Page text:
Now, Richard Wolffe, does anybody outside of Wall Street or Bogota really care what a president‘s position is on Colombia trade tax? 

WOLFFE:  Yes, you‘re right.  He‘s talking to Wall Street, he‘s talking to the elite of the Republican Party, not to Main Street. 

If you‘re going to talk about jobs going to foreign countries, don‘t do it in a foreign country.  Do it in Ohio, do it in Michigan.  I don‘t understand the politics of this. 

SCARBOROUGH:  What was that about?  Why is he in Colombia, for god‘s sake? 

WOLFFE:  Maybe he likes the food.  I don‘t know.

SCARBOROUGH:  That‘s a good question.

Now, John Harwood, let‘s turn it to you.  Anybody on this panel that feels free to answer that question on why the hell he‘s in Colombia, you can do it. 

ROBINSON:  Joe, he‘s right.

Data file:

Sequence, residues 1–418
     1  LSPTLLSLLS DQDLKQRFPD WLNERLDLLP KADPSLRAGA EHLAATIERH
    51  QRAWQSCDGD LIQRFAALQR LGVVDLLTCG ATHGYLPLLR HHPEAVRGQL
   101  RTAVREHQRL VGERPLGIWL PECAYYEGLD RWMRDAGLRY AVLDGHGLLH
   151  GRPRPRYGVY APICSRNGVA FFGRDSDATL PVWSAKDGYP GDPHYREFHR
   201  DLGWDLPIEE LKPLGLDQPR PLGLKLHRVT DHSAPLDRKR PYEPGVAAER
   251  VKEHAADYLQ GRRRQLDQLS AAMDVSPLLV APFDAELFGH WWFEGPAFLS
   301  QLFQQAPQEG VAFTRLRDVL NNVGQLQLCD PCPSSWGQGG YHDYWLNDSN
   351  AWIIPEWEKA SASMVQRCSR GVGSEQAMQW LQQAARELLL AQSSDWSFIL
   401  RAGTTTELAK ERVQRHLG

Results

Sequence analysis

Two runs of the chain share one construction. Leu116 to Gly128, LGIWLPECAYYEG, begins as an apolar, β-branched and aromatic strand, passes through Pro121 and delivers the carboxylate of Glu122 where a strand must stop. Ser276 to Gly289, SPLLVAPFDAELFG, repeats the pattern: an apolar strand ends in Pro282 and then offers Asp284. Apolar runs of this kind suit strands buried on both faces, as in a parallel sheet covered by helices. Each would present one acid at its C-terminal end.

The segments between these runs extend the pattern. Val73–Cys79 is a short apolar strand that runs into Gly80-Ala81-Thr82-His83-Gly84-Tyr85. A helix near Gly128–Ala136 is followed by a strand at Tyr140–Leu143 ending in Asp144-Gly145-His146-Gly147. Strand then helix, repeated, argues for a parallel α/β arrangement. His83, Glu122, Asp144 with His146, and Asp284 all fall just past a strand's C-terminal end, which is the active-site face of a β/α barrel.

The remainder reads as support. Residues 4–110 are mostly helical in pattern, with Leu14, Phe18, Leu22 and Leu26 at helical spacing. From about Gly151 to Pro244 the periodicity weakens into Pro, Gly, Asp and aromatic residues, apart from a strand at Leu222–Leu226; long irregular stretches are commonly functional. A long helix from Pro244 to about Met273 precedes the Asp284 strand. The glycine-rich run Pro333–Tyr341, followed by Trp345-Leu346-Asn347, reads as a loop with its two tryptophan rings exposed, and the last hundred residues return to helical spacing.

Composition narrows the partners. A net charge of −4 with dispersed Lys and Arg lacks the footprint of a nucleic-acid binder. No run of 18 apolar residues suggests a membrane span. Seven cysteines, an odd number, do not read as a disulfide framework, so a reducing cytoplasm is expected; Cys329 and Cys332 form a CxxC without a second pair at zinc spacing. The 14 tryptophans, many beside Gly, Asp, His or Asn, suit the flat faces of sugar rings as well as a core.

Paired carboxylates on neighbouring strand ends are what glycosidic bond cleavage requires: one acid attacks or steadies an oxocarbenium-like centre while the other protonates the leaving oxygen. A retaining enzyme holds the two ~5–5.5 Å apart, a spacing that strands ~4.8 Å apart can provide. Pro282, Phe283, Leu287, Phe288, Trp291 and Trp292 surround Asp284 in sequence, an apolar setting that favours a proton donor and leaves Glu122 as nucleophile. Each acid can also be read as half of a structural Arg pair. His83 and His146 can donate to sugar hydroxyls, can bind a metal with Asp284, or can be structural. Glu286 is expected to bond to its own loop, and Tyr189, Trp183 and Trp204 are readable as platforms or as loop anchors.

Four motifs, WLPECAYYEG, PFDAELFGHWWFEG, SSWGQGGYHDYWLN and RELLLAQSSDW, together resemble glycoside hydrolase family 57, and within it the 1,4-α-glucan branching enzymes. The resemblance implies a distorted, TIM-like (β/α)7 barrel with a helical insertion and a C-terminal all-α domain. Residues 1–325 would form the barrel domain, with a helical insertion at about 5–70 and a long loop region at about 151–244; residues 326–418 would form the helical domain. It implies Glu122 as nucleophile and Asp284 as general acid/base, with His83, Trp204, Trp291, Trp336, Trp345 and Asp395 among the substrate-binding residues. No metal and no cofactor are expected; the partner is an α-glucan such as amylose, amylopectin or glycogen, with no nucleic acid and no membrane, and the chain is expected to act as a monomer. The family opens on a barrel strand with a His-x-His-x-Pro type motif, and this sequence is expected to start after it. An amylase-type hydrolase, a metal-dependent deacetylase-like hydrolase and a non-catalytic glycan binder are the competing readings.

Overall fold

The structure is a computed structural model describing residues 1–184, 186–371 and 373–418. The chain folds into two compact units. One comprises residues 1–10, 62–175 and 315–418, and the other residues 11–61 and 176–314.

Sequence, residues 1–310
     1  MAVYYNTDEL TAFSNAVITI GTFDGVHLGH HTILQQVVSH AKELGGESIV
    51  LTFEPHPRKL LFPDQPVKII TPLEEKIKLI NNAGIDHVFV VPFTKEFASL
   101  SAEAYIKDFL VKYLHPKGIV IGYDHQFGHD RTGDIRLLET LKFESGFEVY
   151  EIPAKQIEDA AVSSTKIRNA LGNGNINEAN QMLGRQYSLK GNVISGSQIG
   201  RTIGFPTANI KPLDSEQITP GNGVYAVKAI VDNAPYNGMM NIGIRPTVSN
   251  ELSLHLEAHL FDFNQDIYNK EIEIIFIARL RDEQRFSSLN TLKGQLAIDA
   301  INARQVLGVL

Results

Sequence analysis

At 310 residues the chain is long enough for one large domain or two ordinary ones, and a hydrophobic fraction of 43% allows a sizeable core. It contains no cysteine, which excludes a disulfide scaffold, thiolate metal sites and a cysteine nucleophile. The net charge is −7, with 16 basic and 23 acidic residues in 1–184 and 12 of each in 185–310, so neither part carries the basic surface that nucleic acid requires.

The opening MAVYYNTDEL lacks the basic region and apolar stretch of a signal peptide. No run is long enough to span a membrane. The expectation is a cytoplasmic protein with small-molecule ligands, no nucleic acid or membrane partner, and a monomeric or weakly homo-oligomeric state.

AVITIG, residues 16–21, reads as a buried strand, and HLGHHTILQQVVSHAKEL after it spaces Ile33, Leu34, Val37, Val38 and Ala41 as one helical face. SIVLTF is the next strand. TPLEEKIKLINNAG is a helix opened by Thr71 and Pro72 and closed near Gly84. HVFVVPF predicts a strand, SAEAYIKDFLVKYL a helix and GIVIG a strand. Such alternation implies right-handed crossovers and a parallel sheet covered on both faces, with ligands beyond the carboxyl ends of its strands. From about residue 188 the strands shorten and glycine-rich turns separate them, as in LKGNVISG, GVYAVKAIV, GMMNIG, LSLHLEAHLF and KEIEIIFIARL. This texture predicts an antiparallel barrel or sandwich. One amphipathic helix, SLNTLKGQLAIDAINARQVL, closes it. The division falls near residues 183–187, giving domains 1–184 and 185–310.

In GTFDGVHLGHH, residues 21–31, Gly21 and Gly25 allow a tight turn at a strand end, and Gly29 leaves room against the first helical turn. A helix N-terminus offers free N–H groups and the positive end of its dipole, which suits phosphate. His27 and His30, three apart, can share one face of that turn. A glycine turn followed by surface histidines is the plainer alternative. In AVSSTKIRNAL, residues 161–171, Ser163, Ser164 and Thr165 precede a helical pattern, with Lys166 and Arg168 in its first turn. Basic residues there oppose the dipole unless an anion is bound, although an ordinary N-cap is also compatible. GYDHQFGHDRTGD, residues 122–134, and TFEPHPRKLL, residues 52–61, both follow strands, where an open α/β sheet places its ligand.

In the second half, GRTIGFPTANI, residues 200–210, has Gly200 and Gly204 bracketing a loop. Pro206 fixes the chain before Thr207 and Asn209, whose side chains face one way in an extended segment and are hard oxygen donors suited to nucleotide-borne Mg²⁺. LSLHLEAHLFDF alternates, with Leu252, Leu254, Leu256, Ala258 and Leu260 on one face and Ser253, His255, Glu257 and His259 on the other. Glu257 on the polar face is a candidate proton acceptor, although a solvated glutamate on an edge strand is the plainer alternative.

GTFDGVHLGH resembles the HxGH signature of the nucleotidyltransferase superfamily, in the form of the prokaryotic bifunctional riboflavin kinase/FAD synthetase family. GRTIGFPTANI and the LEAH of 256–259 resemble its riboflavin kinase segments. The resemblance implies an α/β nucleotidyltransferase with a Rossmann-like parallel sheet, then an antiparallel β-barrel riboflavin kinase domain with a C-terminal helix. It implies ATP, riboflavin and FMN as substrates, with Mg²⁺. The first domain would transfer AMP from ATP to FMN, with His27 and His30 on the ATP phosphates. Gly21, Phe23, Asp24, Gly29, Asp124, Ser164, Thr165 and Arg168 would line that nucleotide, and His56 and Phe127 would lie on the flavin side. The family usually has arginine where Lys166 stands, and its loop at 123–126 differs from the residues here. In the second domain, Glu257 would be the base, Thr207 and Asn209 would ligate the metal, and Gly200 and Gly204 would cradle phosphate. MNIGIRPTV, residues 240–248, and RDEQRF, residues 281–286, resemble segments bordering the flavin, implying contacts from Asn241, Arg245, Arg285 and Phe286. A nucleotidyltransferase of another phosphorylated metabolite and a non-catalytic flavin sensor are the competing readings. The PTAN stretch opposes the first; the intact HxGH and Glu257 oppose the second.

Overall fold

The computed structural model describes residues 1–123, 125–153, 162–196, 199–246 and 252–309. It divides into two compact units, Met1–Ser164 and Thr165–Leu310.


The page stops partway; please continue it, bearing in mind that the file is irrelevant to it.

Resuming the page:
SCARBOROUGH:  What, to food?  Is it the food? 

ROBINSON:  He‘s right on the—no, no, no.  The Colombians are—you know, they don‘t deserve to be in the middle of this.  The Colombian Free Trade Pact will have no impact on the U.S. economy, and the Colombians are getting a raw deal. 

So, on the substance, I think he‘s right.  However, on the politics, he couldn‘t be more wrong.  There are no electoral votes in Colombia.  They might build a statue to him in Bogota, but it‘s not going to help him get elected president.  And I can‘t imagine why he would choose to make this trip and make it a big deal right now. 

SCARBOROUGH:  Yes.  You know what?  They never built statues to Michael Dukakis or Walter Mondale in foreign lands.  You have got to actually win the presidency first. 

John Harwood, I think most of us on the panel agree that he‘s probably right on the substance of this, but don‘t all presidential candidates...

HARWOOD:  And I‘ll bet Barack Obama agrees too. 

SCARBOROUGH:  Well, he does.  And that‘s what I was going to say.  Even though you have Barack Obama sending out that e-mail message saying how this Colombia free trade agreement would be the end of the economy as we know it, don‘t all presidential candidates cynically play to the crowds during their campaigns, but always, and I underline that, always, support these free trade pacts once they are in the White House?